The Brazilian Soy Moratorium has effectively reduced forest conversion for soybeans in Amazonia. This has come at the expense of the region's pasturelands, which have increasingly ceded space for compliant soy expansion. The question of extending the policy to the Cerrado, where recent soy expansion has come at the cost of ecologically valuable vegetation, plugs into a wider discussion on how to reconcile competing commodities on finite amounts of cleared area. Innovative management strategies that allow different land uses to coexist are urgently needed. Integrated crop-livestock systems with soybeans (ICLS) rotates beef and soy on the same area, and shows promise as a means to improve production, farmer benefit, and environmental impacts. Here we reconstruct historical land use maps to estimate Cerrado Soy Moratorium outcomes with benchmark years in 2008 and 2014, we then estimate additional production afforded by ICLS implementation between 2008 and 2014. We find that if a 2008 Cerrado Soy Moratorium were in place, 0.7 Mha of 2014 Cerrado soy area would currently be in violation of the policy. Roughly 96% of this acreage is found in Matopiba (82%) and Mato Grosso (14%) states, suggesting that adoption may have slowed recent production in these rapidly transforming soy centers, in contrast to central and southwestern Cerrado where there is more concentrated eligible expansion area. Changing the benchmark to 2014 could have added 0.7 Mha of eligible expansion area, though over 80% of these additions would be in states with the most 2008 eligible area (Distrito Federal, Mato Grosso, Maranhão, Minas Gerais, Mato Grosso do Sul). Meanwhile, ICLS adoption could have added between 4.0 and 32 Mha of new soy land to the study area without additional clearing between 2008 and 2014, though this would depend on rigorous accompanying land zoning policy to guide implementation. The roughly 5 Mha of Cerrado soybean expansion that actually occurred between 2008 and 2014 could have been accommodated on 2008 suitable pasture area given an ICLS rotation frequency of every 6 years or less. Conservation estimates presented here represent the upper limit of what is possible, as our scenario modeling does not account for variables such as leakage, laundering, or rebound effects.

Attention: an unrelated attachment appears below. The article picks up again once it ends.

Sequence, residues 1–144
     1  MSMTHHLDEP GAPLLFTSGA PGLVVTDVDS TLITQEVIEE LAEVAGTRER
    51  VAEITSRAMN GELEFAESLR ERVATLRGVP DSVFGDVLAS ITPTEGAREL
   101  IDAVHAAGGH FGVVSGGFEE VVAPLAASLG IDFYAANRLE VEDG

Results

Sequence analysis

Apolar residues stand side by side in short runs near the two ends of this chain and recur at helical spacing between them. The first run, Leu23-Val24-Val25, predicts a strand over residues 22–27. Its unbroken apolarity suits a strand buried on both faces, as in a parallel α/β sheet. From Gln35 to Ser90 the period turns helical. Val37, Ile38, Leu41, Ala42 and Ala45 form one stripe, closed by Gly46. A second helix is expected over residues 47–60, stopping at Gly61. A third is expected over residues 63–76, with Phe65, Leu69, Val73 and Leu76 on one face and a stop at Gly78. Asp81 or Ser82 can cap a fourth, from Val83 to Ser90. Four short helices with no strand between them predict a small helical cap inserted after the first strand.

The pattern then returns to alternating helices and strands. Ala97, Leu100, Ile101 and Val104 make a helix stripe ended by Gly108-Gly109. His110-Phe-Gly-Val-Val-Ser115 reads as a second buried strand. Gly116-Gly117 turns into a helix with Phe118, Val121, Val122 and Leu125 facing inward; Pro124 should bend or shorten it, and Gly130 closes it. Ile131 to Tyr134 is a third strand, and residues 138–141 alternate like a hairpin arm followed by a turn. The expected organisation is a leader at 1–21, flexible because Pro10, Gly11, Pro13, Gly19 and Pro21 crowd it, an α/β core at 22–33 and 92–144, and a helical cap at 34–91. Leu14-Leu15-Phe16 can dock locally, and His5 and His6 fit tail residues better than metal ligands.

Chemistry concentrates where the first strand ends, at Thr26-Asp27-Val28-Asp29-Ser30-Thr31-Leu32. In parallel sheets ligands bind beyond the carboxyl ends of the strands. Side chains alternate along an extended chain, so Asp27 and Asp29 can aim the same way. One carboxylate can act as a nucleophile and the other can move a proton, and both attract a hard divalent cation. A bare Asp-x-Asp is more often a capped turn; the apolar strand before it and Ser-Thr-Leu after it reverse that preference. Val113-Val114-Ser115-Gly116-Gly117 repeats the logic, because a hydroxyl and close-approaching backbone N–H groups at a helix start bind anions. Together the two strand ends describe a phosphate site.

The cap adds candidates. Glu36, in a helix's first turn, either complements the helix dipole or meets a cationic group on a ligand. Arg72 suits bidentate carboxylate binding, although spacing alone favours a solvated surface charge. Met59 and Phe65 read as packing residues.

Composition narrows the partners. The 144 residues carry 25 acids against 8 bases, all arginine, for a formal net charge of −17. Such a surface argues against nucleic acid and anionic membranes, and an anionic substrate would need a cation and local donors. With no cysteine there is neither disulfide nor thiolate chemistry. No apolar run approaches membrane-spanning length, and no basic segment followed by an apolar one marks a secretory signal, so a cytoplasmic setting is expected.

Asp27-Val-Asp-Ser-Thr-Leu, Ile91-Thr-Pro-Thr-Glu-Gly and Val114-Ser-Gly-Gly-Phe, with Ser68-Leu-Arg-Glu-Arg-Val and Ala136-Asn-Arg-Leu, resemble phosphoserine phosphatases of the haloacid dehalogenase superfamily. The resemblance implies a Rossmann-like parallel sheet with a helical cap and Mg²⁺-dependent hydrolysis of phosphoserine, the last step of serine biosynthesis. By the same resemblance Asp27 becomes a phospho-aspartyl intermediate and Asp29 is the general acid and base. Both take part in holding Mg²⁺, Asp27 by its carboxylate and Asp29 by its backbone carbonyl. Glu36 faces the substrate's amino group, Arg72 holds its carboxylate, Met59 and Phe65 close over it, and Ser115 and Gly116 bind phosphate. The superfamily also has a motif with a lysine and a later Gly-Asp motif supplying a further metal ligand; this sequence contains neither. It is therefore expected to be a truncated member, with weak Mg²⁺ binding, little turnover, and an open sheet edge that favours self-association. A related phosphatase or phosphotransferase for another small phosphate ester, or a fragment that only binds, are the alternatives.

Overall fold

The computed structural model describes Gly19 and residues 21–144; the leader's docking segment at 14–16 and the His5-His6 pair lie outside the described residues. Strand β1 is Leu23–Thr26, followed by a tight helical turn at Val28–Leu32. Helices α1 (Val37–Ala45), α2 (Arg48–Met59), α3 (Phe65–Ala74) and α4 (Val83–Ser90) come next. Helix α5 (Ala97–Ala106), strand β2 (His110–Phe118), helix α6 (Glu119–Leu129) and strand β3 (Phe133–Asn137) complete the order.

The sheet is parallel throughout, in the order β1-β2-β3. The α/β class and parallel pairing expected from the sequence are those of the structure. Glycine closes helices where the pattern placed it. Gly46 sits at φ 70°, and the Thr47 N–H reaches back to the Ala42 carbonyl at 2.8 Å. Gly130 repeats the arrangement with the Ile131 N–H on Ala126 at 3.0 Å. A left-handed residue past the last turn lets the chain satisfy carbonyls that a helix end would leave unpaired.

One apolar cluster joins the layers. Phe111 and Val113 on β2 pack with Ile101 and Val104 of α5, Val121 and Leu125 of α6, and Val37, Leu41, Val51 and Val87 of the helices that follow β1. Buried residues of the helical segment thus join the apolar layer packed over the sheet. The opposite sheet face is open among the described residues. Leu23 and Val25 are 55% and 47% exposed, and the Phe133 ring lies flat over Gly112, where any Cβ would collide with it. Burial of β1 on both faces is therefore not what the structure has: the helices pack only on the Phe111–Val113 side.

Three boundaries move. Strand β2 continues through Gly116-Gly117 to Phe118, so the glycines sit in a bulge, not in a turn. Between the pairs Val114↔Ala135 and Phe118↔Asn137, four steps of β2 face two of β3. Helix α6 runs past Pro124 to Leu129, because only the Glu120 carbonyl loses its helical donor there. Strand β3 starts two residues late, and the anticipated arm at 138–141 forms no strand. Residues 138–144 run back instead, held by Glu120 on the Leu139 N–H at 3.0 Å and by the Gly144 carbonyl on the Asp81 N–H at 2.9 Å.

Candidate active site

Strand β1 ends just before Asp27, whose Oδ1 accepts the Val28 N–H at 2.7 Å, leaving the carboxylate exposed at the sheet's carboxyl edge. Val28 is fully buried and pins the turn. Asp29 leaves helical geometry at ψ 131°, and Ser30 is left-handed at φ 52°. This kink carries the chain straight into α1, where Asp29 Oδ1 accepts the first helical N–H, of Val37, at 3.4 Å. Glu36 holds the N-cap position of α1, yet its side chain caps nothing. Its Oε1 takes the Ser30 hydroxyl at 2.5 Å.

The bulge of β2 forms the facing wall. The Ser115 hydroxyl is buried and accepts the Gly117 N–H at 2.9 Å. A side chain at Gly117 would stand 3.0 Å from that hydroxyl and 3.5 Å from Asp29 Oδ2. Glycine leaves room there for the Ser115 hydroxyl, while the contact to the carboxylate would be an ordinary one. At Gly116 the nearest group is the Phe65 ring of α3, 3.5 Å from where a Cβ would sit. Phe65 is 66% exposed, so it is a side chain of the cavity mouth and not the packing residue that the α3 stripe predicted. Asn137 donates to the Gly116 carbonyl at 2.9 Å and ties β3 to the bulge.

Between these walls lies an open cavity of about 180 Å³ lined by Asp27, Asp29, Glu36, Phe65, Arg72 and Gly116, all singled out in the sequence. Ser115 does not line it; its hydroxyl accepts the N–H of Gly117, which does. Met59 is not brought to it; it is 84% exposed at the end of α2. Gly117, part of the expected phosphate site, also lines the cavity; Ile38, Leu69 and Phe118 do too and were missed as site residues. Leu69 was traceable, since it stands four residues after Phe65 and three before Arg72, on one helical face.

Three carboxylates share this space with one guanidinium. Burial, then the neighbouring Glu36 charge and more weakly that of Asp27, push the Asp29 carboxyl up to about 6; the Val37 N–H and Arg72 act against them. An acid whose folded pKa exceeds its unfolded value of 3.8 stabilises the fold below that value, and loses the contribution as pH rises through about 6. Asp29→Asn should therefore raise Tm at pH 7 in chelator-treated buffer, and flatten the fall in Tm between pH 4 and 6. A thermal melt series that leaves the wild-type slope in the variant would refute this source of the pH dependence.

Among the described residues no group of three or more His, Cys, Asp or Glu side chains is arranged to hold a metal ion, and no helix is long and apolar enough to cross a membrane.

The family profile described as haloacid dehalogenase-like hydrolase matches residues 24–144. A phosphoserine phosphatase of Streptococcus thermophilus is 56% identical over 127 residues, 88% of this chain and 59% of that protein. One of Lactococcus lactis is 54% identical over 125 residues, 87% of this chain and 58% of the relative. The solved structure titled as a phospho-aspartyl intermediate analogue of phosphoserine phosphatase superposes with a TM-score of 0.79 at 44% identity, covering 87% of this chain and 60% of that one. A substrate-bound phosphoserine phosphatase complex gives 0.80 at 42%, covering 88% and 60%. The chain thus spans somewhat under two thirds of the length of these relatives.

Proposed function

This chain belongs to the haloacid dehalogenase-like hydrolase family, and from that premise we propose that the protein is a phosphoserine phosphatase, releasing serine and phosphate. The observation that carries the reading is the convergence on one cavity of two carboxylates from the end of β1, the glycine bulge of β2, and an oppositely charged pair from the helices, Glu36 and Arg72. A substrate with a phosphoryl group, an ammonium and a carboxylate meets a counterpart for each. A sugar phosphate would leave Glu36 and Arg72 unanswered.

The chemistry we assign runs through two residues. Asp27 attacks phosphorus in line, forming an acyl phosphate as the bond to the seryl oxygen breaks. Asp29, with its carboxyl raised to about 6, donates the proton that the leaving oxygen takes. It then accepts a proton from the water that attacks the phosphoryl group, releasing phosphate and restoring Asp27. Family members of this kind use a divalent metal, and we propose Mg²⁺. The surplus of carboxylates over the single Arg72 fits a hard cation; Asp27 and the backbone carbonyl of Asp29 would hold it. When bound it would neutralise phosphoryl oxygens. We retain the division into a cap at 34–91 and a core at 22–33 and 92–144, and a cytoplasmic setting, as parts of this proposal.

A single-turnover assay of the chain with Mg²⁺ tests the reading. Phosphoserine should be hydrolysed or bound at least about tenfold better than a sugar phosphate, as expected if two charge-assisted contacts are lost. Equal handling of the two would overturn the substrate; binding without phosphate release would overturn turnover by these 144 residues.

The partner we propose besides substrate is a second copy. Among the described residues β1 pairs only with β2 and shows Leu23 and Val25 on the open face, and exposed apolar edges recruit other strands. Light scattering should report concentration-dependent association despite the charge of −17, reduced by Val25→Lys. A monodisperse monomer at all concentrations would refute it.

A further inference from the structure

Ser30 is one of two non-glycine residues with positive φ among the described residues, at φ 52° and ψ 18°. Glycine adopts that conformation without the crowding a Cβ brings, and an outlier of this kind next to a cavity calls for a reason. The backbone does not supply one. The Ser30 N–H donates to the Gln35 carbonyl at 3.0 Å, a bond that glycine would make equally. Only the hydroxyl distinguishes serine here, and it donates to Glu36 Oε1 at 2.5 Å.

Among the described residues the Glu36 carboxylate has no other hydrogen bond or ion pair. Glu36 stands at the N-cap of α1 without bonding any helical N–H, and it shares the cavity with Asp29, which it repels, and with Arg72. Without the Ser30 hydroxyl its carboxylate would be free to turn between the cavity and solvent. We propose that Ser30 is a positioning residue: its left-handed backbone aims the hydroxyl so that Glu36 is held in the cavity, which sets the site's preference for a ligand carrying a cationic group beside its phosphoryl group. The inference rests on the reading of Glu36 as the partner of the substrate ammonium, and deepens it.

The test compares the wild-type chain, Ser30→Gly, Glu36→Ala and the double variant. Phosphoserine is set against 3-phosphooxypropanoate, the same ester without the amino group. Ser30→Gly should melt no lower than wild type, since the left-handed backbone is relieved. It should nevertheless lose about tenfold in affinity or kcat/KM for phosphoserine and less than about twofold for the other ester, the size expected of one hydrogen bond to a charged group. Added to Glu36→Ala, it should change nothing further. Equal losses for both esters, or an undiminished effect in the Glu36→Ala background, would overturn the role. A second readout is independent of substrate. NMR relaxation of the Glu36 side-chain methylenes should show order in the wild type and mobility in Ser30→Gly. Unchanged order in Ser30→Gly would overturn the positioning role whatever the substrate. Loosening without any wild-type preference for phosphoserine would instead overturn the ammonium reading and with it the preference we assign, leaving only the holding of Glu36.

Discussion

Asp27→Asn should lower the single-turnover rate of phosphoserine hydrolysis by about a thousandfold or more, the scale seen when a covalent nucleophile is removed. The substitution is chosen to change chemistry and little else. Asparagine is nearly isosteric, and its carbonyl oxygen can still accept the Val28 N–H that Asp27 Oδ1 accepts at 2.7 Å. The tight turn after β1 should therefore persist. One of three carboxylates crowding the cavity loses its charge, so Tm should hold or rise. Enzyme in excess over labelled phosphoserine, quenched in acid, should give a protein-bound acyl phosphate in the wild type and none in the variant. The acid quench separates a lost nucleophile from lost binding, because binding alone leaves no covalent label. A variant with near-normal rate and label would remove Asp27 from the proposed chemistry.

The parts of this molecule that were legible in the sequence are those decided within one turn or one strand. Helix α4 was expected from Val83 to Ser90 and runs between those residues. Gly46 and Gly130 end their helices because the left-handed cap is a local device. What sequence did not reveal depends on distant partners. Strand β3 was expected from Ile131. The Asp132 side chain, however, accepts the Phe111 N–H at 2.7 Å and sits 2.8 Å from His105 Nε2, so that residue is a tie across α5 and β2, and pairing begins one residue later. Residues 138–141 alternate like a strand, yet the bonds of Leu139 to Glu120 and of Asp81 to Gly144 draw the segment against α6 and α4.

- commodity standards
- environmental policy